What Is Dissolution of Marriage?

In almost all states, a “dissolution of marriage” is the same as a divorce.

By , Attorney

If you're getting started in the divorce process, you might have come across the term "dissolution of marriage" and wondered what the difference between a dissolution and a divorce was. Here's what you need to know about the term "dissolution of marriage" and how it compares to divorce.

What Is a "Dissolution of Marriage"?

Many states' laws refer to divorces as something other than "divorce." For example, a divorce in Georgia is known as a "total divorce." (Ga. Code § 19-5-3 (2021).) The most common alternative name for a divorce is a "dissolution." In every state except Ohio, a "dissolution of marriage" is the same as a divorce.

In Ohio, courts can grant a "divorce" for one of 11 different reasons, including adultery, habitual drunkenness, and imprisonment. (Ohio Rev. Code § 3105.01 (2021).) On the other hand, Ohio courts can grant a "dissolution of marriage" when the spouses jointly file their petition, agree on all the issues—such as property division and spousal support—in their divorce, and have a written separation agreement. After a waiting period, the court will grant the dissolution and incorporate the separation agreement as a court order. In other words, an Ohio dissolution of marriage is similar to an "uncontested" divorce in most other states. An Ohio dissolution ends the marriage just like a divorce.

How to File for Dissolution

Every state has its own rules and procedures for obtaining a divorce or dissolution—you'll need to research the basics of divorce in your state. Most states offer at least a few types of dissolution that couples can choose from. The type of dissolution you choose will depend on what's offered by your state and the facts of your own situation.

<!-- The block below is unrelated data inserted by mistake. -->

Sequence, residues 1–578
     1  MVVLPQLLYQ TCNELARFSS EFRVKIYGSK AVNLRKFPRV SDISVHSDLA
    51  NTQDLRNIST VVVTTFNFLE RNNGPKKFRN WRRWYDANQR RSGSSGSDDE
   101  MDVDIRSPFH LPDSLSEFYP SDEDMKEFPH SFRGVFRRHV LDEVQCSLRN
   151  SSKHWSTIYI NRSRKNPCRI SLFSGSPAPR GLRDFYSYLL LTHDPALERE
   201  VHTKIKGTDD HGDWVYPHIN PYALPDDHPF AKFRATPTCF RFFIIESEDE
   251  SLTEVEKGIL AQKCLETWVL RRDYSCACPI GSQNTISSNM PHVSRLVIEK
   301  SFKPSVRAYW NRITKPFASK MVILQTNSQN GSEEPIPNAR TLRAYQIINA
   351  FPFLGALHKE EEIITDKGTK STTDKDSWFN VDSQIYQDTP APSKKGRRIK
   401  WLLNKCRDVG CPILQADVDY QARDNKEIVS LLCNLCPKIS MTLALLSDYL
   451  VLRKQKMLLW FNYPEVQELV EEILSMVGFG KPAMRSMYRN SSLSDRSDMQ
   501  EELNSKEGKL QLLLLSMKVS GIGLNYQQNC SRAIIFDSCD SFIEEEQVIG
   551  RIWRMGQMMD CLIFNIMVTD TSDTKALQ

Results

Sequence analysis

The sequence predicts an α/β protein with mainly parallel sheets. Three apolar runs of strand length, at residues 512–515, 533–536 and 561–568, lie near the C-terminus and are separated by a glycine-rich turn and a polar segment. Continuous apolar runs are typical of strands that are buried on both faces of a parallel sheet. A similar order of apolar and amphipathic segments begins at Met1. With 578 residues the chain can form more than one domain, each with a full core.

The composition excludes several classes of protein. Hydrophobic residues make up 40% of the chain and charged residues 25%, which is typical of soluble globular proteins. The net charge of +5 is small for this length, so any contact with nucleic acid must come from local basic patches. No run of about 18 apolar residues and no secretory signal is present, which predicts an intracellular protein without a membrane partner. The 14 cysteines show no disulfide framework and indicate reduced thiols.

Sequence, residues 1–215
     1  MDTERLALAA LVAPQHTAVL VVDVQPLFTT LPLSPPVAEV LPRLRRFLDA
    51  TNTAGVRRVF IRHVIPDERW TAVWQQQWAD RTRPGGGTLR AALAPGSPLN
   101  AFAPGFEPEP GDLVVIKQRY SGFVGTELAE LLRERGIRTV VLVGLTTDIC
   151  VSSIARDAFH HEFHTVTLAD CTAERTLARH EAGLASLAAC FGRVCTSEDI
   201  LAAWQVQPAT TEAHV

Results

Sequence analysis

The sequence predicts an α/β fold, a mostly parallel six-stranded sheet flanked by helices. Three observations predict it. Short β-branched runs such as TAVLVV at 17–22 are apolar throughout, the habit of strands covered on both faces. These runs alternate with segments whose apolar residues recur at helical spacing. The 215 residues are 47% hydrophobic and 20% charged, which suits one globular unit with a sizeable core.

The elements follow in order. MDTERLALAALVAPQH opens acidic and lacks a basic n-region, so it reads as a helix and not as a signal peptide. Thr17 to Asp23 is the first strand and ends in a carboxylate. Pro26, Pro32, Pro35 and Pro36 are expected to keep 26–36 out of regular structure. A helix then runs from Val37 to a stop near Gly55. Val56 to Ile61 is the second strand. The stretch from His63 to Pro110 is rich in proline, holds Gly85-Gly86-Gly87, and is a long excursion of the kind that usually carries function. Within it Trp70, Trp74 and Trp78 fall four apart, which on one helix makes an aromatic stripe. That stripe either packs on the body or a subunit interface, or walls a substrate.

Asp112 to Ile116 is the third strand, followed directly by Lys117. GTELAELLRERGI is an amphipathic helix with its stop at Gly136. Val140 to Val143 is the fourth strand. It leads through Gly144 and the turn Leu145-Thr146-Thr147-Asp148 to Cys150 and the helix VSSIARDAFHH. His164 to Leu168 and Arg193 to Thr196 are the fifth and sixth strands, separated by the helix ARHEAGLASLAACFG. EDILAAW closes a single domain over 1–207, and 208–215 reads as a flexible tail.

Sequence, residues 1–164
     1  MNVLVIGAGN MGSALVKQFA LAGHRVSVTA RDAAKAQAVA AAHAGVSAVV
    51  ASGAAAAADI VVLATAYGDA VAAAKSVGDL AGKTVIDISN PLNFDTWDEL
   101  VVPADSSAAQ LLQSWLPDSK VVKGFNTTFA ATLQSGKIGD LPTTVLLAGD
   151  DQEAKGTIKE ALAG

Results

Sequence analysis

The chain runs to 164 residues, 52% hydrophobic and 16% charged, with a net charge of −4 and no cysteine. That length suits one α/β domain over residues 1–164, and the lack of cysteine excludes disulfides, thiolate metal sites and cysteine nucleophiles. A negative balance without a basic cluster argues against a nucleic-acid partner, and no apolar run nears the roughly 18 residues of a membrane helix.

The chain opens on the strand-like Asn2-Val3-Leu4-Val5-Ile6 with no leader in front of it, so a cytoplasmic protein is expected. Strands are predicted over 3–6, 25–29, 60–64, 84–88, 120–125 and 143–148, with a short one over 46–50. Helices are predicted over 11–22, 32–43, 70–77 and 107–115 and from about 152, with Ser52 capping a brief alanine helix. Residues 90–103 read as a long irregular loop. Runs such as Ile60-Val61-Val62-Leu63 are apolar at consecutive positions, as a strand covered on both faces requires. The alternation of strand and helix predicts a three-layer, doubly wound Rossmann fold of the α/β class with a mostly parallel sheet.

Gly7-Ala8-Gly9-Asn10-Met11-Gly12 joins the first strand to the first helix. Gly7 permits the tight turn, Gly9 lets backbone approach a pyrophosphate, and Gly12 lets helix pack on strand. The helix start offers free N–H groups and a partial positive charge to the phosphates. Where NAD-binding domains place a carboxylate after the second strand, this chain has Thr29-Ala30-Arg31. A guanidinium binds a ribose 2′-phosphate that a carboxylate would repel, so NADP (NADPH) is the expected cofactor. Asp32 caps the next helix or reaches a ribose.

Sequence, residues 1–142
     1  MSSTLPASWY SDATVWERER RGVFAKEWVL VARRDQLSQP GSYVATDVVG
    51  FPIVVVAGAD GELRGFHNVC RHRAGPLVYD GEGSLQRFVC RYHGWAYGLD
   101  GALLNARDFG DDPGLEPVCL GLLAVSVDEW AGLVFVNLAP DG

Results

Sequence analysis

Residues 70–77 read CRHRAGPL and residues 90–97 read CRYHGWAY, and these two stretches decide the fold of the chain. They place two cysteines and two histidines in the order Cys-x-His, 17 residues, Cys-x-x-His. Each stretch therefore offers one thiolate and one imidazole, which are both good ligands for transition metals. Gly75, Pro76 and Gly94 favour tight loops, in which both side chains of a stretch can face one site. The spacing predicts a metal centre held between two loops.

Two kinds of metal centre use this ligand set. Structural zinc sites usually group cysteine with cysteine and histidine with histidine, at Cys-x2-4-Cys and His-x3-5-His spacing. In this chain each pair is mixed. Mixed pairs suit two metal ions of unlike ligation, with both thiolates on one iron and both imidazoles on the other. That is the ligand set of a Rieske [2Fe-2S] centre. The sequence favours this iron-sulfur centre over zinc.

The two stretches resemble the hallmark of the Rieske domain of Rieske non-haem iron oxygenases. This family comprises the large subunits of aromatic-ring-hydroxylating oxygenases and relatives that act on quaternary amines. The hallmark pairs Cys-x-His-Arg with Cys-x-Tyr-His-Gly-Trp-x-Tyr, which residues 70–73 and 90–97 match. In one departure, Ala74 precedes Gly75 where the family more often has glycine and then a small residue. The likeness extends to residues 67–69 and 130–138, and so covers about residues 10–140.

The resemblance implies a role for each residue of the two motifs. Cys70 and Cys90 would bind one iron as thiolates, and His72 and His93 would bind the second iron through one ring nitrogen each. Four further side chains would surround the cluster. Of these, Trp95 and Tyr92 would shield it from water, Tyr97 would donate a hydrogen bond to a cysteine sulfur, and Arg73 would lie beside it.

For example, if you and your spouse agree on all the issues in your dissolution, you might be able to file an uncontested dissolution. In an uncontested dissolution, a judge doesn't need to resolve any disputes—instead, you propose the terms of your divorce in either your petition or a divorce settlement agreement. It's then up to the judge to simply review and approve the terms as long as they are legal and fair. Because there's nothing to fight about in court, uncontested dissolutions are usually faster and cheaper than litigated divorces. Rather than hire attorneys, many couples choose to DIY or use an online divorce service to help them file an uncontested divorce. And, in some states, if you meet the often strict requirements, you might be able to speed up the process even further by getting a "summary dissolution," discussed below.

What Is a "Summary Dissolution"?

Some states offer spouses the option of ending their marriage through a "summary dissolution"—a form of divorce that usually requires less paperwork and court hearings than a traditional divorce. Summary dissolutions are also known as "simplified divorces," "summary divorces," "agreed divorces," or "short-form summary dissolutions."

Couples seeking a summary dissolution will need to meet their state's specific filing requirements. Although state summary dissolution statutes vary, many require that:

  • at least one spouse has been a resident for 3-6 months
  • the marriage was of a short duration (for example, less than 10 years)
  • the spouses don't have any minor children or children 18 or older still attending school
  • neither spouse is pregnant
  • neither spouse owns real property
  • the marital property is limited (for example, does not exceed $30,000)
  • the marital debts are minimal (for example, less than $15,000)
  • both spouses waive rights to spousal support, and
  • the spouses agree on how to divide marital property and debts.

If your state doesn't offer summary dissolution procedures, but your marriage meets the example requirements listed above, consider pursuing an uncontested dissolution instead.

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